bsnllogoBSNL employees are observing today as Anti-Disinvestment day, protesting against the government’s plan to sell minority stake in the telco, domain-b reports.

BSNL is in hardship, with net profit for FY09 falling 96.5% to Rs. 1.04 billion and revenues showing an 8.1% drop in revenues to Rs. 349.37 billion compared to last fiscal. Profits dropped due to higher staff costs, WSJ reported. Over the past four years, BSNL has suffered a plummet in net profits, from Rs. 89.39 billion in 2005-06 to Rs. 30.09 billion in 2007-08.

The equity sale could bring in much needed cash and the IPO would be the first step in privatising and improving efficiencies at BSNL.

6.3M Landlines Surrendered, Rev Down 20.65%

landlineRevenues from wireline segment fell 20.65% to Rs. 11.5 billion in 2008-09. The company has been struggling with the problem of landlines being surrendered for years now, with increasing popularity of mobiles, competition and its own service levels falling below customer expectations. In the past three years, 6.3 million landlines have been surrendered and this year notches 342,000 already, Business Standard reports.

Restructuring Measures To Tackle Downfall

BSNL has hired market research body IMRB to study and offer solutions to check its plummeting landline subscriptions, and Boston Consulting Group to advice it on boosting sales revenues. BCG has suggested the company divide into separate marketing, sales and customercare divisions. Last year, MTNL and BSNL announced a list of measures to retain landline connections, which can be read here. The measures outlined: increasing of the broadband network and introducing Value Added Services like Voice over IP (VOIP), Games on Demand, IPTV, SMS etc for promoting the land line services. The other, more generic, involved introducing alternate tariff plans, though it is already providing landline services below cost. We wonder why it hasn’t ocurred to BSNL to consider improving its customer service?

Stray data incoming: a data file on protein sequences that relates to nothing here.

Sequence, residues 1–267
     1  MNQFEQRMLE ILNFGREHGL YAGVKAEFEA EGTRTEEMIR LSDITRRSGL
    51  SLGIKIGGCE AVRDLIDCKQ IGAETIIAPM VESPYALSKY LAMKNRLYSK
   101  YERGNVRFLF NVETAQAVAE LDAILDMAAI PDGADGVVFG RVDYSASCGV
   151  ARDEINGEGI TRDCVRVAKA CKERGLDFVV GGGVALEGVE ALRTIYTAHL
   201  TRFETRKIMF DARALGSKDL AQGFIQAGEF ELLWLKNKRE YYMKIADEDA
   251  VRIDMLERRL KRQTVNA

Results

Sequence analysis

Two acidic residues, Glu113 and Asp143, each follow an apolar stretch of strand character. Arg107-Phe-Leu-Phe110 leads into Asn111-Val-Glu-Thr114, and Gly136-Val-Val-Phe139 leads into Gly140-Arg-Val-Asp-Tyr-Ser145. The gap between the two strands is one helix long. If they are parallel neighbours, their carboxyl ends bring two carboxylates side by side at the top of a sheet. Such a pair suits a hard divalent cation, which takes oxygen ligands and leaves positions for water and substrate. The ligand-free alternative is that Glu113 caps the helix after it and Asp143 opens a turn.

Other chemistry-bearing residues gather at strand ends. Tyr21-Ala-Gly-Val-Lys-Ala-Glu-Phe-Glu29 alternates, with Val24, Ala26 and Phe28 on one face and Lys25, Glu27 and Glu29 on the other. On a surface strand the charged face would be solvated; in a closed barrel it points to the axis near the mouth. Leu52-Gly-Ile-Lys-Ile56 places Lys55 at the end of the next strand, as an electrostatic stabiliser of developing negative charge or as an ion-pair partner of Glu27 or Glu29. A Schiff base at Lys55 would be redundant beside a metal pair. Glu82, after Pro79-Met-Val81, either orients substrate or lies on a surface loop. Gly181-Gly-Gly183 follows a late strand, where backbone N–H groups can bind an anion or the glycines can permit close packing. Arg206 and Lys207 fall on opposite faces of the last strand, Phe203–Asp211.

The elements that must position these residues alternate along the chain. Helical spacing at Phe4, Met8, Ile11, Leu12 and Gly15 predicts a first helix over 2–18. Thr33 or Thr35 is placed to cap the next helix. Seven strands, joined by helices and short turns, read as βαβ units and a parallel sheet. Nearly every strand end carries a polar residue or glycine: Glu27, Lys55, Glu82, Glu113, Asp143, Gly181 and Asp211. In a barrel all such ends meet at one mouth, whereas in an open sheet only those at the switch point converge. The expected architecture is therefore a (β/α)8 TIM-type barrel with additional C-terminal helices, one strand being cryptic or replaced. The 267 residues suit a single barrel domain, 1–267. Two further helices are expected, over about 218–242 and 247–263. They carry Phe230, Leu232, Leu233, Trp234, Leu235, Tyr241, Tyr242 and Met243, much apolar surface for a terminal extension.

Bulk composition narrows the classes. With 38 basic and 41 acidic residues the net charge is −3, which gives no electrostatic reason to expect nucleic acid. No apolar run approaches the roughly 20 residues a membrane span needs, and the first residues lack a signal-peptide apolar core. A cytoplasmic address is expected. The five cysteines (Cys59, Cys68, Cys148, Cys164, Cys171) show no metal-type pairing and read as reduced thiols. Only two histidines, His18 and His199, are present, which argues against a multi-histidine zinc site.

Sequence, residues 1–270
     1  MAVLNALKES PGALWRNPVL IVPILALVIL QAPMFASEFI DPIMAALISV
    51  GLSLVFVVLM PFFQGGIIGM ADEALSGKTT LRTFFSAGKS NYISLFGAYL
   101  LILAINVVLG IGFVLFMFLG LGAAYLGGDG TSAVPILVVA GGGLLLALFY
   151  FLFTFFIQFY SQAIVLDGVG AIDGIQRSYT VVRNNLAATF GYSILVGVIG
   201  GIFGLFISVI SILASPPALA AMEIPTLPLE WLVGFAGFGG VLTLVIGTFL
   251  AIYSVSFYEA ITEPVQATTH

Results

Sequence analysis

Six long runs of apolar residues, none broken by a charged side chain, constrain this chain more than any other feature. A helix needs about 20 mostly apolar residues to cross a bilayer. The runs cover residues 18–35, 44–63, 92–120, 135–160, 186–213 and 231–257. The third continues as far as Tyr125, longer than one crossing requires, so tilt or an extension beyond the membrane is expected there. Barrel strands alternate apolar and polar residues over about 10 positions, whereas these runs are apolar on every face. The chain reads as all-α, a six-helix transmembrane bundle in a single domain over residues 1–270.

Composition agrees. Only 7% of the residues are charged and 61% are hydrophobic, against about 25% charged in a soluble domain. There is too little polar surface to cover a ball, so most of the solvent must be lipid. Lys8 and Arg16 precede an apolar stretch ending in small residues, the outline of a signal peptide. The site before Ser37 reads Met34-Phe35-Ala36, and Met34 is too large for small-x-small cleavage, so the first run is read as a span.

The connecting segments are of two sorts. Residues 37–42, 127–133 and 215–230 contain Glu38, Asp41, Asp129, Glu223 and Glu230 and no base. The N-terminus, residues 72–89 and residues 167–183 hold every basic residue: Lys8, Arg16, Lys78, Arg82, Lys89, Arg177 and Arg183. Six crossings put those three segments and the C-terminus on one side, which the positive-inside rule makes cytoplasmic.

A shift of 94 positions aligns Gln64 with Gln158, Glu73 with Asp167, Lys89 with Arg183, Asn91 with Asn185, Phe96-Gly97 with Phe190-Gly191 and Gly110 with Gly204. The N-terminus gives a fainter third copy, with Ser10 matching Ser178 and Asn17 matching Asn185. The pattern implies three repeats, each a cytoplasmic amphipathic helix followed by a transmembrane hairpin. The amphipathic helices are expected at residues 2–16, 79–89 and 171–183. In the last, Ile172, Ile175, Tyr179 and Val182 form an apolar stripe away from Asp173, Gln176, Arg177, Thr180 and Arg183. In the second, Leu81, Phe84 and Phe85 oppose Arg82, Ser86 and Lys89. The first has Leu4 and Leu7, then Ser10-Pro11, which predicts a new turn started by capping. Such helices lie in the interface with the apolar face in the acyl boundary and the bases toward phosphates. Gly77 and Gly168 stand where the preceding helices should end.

BSNL plans to share towers and passive infrastructure such as the country-wide optical fibre backbone it owns with other telcos and ISPs to improve revenues. Apart from this, Business Standard reports that BSNL has also sought exemption from paying licence fees citing a clause in the telecom policy which does not require state owned telcos to do so. It has been paying Rs. 30 billion per year as telecom license fees.

The company recently partnered with NTT DoCoMo to offer enterprise solutions. It plans to do so with other international companies such as Cable & Wireless, British Telecom and PCCW Hong Kong.

On the 3G Front

Observing a feeble response to 3G by Indian cellphone users, BSNL decided to take MTNL’s route and tie up with private operators to run 3G services for the next 10 years on a revenue sharing basis, Economic Times reports. We found MTNLs tender to be rather unattractive for applicants, given the special conditions involved, but if you add BSNL to the mix, and offer a company a pan India base, it just might work as a bait; there’s no tender from BSNL yet, though.

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